NEC Electronics introduced a new 8-bit All Flash
general-purpose microcontroller (MCU), the uPD78F8025, with integrated
constant high-current drivers, and 32 kilobytes (KB) of flash memory.
LEDs have been used increasingly in many lighting systems
such as general lighting for home and office, indoor/outdoor signs and
displays, and backlight systems in LCD panels. Most systems are
designed with separate MCUs and discrete components, such as transistor
diodes and voltage control driver ICs. Manufacturers are concerned
about performance, power consumption and increasing compact board
design. To address these concerns, NEC Electronics introduced the
uPD78F8024 device last year, combining its low-power 78K0/KB2 MCUs,
with constant current drivers, and following the success of the
uPD78F8024 MCU, the new uPD78F8025 expands the flash memory to 32KB to
meet the increasing software requirement.
Key features of the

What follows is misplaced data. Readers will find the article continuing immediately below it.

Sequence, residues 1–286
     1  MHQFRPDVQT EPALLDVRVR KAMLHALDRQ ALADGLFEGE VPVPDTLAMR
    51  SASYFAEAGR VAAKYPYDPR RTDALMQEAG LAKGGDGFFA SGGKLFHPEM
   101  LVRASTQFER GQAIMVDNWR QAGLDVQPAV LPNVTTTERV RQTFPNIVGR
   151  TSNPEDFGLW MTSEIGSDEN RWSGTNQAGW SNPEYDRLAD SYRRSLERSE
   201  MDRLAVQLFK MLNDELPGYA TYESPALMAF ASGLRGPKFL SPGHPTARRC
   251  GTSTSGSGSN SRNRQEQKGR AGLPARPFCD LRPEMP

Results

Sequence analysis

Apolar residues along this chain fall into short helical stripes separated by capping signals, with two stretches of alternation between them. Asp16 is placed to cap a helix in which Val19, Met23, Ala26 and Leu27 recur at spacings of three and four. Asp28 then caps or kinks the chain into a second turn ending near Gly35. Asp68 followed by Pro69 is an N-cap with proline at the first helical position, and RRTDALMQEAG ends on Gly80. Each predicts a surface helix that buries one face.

uPD78F8024 and uPD78F8025 MCUs include integration of an NEC
Electronics' 78K0/KB2 MCU and a 4-channel
constant current driver in a single flat package. There are
several interfaces included on the devices,
such as an I2C and UART, as well as on-chip 10-bit A/D converter.
In addition to constant-current circuits, the chips integrate
protection circuits such as over-current, thermal shutdown and voltage
lockout to improve power control, efficiency and reliability of the
overall system. With the integrated buck/boost converter the devices
can be used in voltage booster
topology or buck topology.
A full evaluation kit is also available, along
with comprehensive development tools.
David Patterson, known for his pioneering research that led to RAID, clusters and more, is part of a team at UC Berkeley that recently made its RISC-V processor architecture an open source hardware offering. We talk with Patterson and one of his colleagues behind the effort about the opportunities they see, what new kinds of designs they hope to enable and what it means for today’s commercial processor giants such as Intel, ARM and Imagination Technologies.